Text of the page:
The continual March rains have hit the west coast and made a firm down payment on April. But sooner or later, Spring is finally going to arrive, and when it does, I have a feeling that California’s many species of wildflowers will unleash themselves in a colorful eye-popping frenzy much like last year’s record show.
In the meantime, the weather hasn’t kept me off the trail, no sir. In fact, I must consider myself lucky, in that I’ve somehow managed to schedule my winehiking days when there’s been a brief lull in the storm pattern.
Last Saturday was one of those days. I met a group of winehikers in Santa Clara down by the university and drove them to Henry Coe State Park, the humongous 87,000-acre natural area so close to us here in the Silicon Valley, and yet seemingly so far away when you walk its trails.
Our group was happy to enjoy the path that leads northward from the Visitor Center up toward Eric’s Bench for a nice blend of oak, yellow pine, bay, and manzanita forest along with a scant few wildflowers in filaree, hound’s tongue, buttercups, and a scattering of shooting stars. Returning from the Little Fork of the Coyote River via Flat Frog Trail, a single-track trail that can often showcase the park’s best wildflowers, we realized that Spring had not yet descended upon the area, but that some of the flowers just can’t wait!
In the sparse forests and grassy meadows of Flat Frog Trail, crossing over many small seasonal streams, we saw many more shooting stars, lupines, and milkmaids, and out on the grasslands approaching the Manzanita Point Road, we saw violets, popcorn flower, many more buttercups, as well as one of my all-time favorites, the fleeting red maids.
I think it’s a simple bet that when we get a string of a few good days of warm sunshine, we’ll start seeing the likes of checker lily, chinese houses, larkspur, blue-eyed grass, and Ithuriel’s spear. I’m almost counting on it. But I’m monitoring the weather reports too.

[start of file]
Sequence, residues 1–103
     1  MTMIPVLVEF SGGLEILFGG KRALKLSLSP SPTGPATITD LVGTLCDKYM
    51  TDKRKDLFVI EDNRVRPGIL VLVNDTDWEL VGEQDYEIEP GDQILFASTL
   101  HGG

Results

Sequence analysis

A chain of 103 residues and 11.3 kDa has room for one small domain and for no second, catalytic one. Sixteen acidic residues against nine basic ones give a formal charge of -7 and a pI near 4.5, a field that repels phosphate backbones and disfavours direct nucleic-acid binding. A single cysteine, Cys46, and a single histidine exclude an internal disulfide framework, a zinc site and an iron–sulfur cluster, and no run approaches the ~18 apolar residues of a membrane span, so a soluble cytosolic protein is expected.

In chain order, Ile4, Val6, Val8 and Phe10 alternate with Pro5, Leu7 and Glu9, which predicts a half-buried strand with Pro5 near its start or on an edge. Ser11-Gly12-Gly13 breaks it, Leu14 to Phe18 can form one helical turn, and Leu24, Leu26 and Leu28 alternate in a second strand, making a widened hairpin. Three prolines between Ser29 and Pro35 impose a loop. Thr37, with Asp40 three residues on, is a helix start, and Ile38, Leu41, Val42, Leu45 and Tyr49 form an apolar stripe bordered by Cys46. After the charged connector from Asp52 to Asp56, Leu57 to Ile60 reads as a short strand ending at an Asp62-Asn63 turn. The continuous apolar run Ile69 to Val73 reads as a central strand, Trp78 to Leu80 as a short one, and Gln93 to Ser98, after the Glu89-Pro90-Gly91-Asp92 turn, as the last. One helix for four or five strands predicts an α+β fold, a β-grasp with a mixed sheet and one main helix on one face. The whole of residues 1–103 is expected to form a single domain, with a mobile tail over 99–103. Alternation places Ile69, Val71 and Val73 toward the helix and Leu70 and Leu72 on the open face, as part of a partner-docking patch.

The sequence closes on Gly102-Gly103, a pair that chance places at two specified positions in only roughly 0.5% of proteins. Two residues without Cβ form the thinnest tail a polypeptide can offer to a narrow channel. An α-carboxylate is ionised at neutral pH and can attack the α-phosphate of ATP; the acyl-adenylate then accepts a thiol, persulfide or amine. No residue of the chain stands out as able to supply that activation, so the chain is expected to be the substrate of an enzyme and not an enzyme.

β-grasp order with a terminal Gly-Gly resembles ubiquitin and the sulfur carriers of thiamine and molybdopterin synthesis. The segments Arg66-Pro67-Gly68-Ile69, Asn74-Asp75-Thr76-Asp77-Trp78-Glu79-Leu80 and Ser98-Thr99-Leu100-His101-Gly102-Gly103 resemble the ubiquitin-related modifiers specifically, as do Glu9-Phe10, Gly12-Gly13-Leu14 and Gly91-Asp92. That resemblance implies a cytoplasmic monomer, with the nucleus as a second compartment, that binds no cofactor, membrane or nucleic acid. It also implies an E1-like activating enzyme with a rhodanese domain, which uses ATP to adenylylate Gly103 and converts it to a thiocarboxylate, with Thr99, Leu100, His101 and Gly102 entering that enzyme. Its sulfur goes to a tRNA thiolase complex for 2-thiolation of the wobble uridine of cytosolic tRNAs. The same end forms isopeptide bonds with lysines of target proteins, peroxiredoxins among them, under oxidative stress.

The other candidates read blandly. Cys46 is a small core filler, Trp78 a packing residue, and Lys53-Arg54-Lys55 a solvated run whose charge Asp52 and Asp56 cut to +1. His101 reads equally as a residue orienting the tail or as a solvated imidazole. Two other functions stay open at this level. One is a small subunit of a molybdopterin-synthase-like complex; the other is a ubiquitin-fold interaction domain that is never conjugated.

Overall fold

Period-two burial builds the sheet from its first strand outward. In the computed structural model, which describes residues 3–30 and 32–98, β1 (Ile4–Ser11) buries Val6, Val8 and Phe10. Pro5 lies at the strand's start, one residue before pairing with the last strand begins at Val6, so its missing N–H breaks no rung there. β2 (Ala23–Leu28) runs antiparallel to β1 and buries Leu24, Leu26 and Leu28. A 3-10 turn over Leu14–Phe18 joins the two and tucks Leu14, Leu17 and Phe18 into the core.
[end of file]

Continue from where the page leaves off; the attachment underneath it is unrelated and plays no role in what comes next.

Meanwhile, Coe Park had borne a foot of snow only 8 days before our tour, and it had left its mark along the contours of Flat Frog Trail. We must have stepped over or circumvented no less than 10 downed trees – pines, manzanita, madrone – there was almost no steep hillside that didn’t show Nature’s depradations. The trees just weren’t used to holding all that snow in their branches.
Not yet satisfied after our stroll, my intrepid winehikers and I drove back down to Morgan Hill for a catered lunch at Pedrizzetti Winery, where tasting manager Stacie poured us her wares. It was warm and sunny enough to eat outside and be comfortable, so we enjoyed our feast of fruits, cheeses, salad, bruschetta, pasta marinara, and my personal favorite of the meal, charbroiled chicken with a nice garlicky sun-dried tomato cream sauce. I doff my Aussie hat to Darlene at Golden Oak Restaurant of Morgan Hill, who put on the spread. Of course, Stacie took care of us by pouring cabernet, chenin blanc, and a very light and delectable sparkling wine.
Ah, this winehikin’ stuff is fun. And the season is still young!